In Countdown we follow the story of a small private enterprise, set up with neither money nor influence, although both are vital for its success. The only investment is the power of work, nothing else. This little business might be termed a « sub-enterprise ». The hero of the film rents a lorry from a cooperative and tries to earn a living in order to provide his family the bare essentials: a house and basic necessities that everyone has a right to hope for. To do this, he has to work more than sixteen hours a day. Some people can endure this rythm of labour. Our hero is of that ilk. However, one day he cracks up. The problem is that over the past forty years, a whole generation has not learnt how to undertake and now we have to learn to do so all over again. Without a spirit of enterprise, there is no viable economy. The film is for all those who want to start their own business, hoping that it will help them to set out on this difficult path. I don’t think that my film is against the spirit of enterprise, on the contrary. The reality of the subject seemed unquestionable, and I hope that the public’s reaction will prove me right. Pal Erdoss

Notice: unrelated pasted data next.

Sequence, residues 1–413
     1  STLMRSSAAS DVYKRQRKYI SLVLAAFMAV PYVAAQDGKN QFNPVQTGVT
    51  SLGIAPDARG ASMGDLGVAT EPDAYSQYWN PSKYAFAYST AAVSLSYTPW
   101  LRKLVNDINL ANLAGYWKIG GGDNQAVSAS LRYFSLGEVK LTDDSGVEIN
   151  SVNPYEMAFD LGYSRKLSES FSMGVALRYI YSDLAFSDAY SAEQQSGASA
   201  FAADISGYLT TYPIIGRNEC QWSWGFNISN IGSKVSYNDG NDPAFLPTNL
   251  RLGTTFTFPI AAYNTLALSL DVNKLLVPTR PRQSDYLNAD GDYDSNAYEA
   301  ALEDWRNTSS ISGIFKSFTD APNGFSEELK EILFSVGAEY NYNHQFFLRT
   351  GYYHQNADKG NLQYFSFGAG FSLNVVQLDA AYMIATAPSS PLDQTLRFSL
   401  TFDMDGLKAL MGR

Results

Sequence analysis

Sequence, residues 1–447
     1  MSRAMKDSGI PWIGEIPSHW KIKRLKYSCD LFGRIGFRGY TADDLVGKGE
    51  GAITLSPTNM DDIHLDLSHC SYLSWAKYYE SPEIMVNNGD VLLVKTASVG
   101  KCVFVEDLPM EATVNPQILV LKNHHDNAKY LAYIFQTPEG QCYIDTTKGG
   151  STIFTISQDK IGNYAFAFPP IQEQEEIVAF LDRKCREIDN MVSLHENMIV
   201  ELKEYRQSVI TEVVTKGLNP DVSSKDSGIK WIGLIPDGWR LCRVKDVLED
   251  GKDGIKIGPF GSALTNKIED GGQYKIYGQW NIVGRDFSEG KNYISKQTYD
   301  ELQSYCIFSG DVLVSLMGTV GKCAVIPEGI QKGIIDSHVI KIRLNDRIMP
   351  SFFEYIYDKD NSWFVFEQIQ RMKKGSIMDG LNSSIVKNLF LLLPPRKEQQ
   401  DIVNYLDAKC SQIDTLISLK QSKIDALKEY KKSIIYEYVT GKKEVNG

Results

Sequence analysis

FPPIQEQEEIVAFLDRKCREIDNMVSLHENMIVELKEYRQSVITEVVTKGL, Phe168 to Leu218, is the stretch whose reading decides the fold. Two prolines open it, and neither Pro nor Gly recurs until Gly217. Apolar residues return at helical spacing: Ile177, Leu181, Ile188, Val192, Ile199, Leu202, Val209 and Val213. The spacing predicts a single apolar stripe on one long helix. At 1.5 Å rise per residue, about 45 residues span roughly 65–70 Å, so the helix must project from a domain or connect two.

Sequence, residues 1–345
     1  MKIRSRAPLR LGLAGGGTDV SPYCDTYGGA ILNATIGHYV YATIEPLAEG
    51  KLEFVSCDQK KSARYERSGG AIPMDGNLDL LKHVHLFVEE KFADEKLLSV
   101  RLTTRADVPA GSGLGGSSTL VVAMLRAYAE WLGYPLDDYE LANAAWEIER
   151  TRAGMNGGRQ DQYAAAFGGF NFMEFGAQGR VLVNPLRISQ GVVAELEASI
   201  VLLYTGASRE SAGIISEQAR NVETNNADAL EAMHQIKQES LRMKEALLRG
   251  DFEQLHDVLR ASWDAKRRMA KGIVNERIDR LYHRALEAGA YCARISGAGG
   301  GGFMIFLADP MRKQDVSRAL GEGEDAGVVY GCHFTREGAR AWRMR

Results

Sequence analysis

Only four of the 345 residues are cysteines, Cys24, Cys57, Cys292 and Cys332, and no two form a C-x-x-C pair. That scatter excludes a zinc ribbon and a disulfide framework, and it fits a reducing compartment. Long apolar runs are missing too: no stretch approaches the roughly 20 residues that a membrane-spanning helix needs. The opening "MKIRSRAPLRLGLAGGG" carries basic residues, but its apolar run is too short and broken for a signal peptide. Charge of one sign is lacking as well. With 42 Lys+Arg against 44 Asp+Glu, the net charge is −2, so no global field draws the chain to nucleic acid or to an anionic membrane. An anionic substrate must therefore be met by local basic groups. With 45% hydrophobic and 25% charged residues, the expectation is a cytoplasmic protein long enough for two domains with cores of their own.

Born in Budapest, he was assistant director at the Mafilm studio and directed short films at the Bela Belasz studios. He worked on documentaries for the Hungarian TV. His first full length film, Princesse, was shown in Cannes and warded as well as in Locarno.
Artistic & technical sheet
Ferenc Pap, Gabor Szabo
Production : Mafilm-Studio Tarsulas, Budapest, Hongrie Vente à l'étranger : Hungarofilm, Budapest, Hongrie